Selling clothes to members of Moscow's high society, or even presenting them with clothes of your own make, is a trend among local designers, Sergei Lunin, a buyer at Bosco di Cilegi, said in an interview. He added that mass production is expensive, and designers often elect not to create full collections in any case.
Some, however, think more of creating a well-known firm than promoting their own name. Vassa, a Russian designer who recently returned to Moscow after a decade in the United States, has a production line and wants to dress the mass market. She now has eight shops in Moscow and one in Riga, Latvia, with plans to open a boutique in St. Petersburg.
One of her regular customers is Olga Sosnovskaya, an employee at Sheremetyevo airport who often drops in at the Vassa shop in the underpass near the Teatralnaya metro station. Last year, Sosnovskaya said, she bought five or six pieces from Vassa Trend New York, without suspecting the designer was Russian. She did not seem to be disappointed, but said in retrospect that the prices could have been lower. The average price of a Vassa dress is around $90, while a pair of pants goes for $120 and a jacket $160.
"I do not think about couture because I passed through a ready-to-wear New York school," Vassa said in a telephone interview. "Perhaps I am like Yury Gagarin in Russia," she added, referring to her pioneering attitude.
She said her experience in the United States made her understand that fashion and business are inseparable. She learned this, she said, when she studied merchandising at university, along with art.
"They still do not teach that here," she added.
Vassa she declines to give her last name, calling it a trade secret says she does not want to gain prestige with high prices.
"We have a false, provincial stereotype in Russia," she said, explaining that her goal is to be recognized internationally.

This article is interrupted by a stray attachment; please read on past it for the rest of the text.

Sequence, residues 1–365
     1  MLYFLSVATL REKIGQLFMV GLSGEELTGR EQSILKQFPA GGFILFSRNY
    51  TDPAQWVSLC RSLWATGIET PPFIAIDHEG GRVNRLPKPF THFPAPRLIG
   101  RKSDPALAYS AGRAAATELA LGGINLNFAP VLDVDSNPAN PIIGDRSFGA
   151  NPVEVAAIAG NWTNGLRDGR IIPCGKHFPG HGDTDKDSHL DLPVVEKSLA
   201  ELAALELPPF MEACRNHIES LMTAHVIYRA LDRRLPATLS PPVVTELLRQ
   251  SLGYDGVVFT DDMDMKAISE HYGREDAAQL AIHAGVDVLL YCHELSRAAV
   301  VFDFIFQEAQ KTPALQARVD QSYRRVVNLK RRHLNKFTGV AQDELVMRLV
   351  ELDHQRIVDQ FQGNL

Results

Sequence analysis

Oleg Biryukov, a St. Petersburg designer who sells two of his brands B!ryukov and 2B! at Seventh Floor on Tverskaya Ulitsa, Bosco di Cilegi and Marky in Moscow, and at Defile in St. Petersburg, says he keeps an eye on which of his items sell out in the boutiques. However, he said he prefers concentrating on the creative side, believing his efforts eventually will translate into commercial success. A designer cannot win customers using "only cold calculations," he said in an interview. Despite being well known and commercially successful, Biryukov does not have a professional manager like many other local designers.
Nikolai Girsh, the manager of Marky, which sells the work of 20 designers from Russia and elsewhere in the Commonwealth of Independent States, said the lack of professional brand managers is one of designers' biggest problems. Without them, he said, designers cannot combine interesting ideas with an approach as to how their clothes should be made and sold.
Biryukov's firm of 10 people produces clothing locally, often from local fabrics, and turns out only three to 15 garments of each design at a time. He said he does not have the capacity to sell more.
"I just do not know how to do it," he said. "I am very cautious about any offers to start a production line because there has not been a precedent so far. No Russian brand has been developed this way. Everyone works the same way here."